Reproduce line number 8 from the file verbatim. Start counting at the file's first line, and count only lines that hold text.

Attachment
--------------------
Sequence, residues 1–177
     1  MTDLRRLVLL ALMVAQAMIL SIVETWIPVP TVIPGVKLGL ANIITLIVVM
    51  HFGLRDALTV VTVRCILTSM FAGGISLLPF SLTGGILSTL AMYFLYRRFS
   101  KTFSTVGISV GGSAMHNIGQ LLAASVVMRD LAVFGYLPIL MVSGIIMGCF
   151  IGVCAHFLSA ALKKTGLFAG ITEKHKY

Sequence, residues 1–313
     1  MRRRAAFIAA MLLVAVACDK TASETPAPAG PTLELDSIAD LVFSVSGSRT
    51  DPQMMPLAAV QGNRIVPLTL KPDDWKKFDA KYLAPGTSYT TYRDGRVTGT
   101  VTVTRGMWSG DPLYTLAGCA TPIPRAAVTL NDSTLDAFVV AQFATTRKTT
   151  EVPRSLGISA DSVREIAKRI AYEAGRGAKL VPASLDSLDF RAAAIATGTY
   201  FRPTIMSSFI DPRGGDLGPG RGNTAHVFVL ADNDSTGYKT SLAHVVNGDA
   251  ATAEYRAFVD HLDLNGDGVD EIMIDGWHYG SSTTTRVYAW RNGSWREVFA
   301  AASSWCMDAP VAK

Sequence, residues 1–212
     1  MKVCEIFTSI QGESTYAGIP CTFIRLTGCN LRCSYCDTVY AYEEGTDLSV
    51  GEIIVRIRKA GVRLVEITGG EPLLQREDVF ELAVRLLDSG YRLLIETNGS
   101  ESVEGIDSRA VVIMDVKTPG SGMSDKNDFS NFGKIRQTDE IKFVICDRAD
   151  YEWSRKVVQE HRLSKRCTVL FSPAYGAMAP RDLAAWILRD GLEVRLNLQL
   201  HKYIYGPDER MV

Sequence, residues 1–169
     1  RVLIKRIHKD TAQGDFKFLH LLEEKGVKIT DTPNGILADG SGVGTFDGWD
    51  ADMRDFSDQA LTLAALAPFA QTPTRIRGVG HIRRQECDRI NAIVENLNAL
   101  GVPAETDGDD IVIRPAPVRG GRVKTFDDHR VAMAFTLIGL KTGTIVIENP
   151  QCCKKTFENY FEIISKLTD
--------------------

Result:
    51  DPQMMPLAAV QGNRIVPLTL KPDDWKKFDA KYLAPGTSYT TYRDGRVTGT